Resources on Social Media

Since we have been using social media, we’ve come across a number of resources which may be informative if you are thinking of taking this step.  These are not exhaustive and by listing them we  are not suggesting these are definitive guides.  Obviously we can take no responsibility for the content of external sites.

If you are tweeting as a health professional, you should know and adhere to your professional body’s ethical guidelines and policies, some of which include reference to use of social media.

Understanding Social Media in Mental Health

Social Media in Mental Health Practice: A practical guide for health and social care practitioners working in mental health services is a publication written by Victoria Betton and Victoria Tomlinson, and published in 2013 by Leeds & York Partnership NHS Foundation Trust.  This provides lots of information on the basics of social media and its application in mental health services.  Chapter 5 provides some useful tips on on getting started in social media.

More on Getting Started

Twitterversity is a free resource for health professionals starting out on Twitter, offered by those at WeCommunities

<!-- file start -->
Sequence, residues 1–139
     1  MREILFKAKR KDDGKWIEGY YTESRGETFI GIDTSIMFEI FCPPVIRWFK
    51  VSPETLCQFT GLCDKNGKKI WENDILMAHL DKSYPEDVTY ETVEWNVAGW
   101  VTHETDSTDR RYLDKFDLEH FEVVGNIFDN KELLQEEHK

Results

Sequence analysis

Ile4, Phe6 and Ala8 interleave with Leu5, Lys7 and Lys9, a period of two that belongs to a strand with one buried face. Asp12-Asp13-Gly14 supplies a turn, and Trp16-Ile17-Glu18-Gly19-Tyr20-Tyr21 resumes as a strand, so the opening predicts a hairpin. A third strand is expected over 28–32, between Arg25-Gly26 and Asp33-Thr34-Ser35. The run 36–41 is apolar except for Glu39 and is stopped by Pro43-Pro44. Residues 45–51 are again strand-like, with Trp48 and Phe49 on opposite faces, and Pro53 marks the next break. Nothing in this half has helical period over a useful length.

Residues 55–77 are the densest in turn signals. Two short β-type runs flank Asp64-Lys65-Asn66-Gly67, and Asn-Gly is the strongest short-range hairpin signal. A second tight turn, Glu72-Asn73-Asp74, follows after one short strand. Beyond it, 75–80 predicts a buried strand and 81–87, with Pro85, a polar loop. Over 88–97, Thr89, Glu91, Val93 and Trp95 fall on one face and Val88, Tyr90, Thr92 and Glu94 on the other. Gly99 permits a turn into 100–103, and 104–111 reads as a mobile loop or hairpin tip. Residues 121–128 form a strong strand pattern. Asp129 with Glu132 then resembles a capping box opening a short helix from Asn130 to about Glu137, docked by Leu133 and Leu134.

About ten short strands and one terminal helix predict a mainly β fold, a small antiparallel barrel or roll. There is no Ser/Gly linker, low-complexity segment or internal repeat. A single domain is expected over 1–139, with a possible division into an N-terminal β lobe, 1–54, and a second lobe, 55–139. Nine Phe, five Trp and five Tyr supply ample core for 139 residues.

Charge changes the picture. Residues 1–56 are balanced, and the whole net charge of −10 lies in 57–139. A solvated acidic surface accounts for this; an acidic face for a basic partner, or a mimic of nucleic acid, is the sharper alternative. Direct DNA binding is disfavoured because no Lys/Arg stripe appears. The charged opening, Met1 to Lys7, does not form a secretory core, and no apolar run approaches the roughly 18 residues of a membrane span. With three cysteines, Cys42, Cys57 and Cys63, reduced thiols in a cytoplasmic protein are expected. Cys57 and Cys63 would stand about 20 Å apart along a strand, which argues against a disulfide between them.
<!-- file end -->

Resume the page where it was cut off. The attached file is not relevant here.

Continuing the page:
A brief video orientation to social media for health professionals is offered by The Edge with Anne Cooper (@AnnieCoops) , nurse, patient and active social media user. See the video here or direct on Youtube here.

Top Tips for Twitter Newbies are offered by mental health blogger, writer and Maudsely Debate panelist @Sectioned_  (more information in her  ‘About Me’ details .)

Just what is the point of health professionals in social media? #wtg16 includes the transcript of an earlier talk by @Markoneinfour on social media and public professionals #expo14NHS  Mark is a director of Social Spider CIC and a vocal advocate on use of social media as a tool for people-led innovation in mental health.  Read more about him here.

Anne Marie Cunningham, a GP and Primary Care Clinical Director, provides a comprehensive and helpful overview of the value of social media for health professionals in “Collaborating and Connecting Online” in this video from Stanford University’s Med X in 2014.

Helen Crimlisk, Sheffield-based Community Psychiatrist reflects on her first year on Twitter in this article in the Royal College Of Psychiatry’s iMIND newsletter.

Professional Guidance on Use of Social Media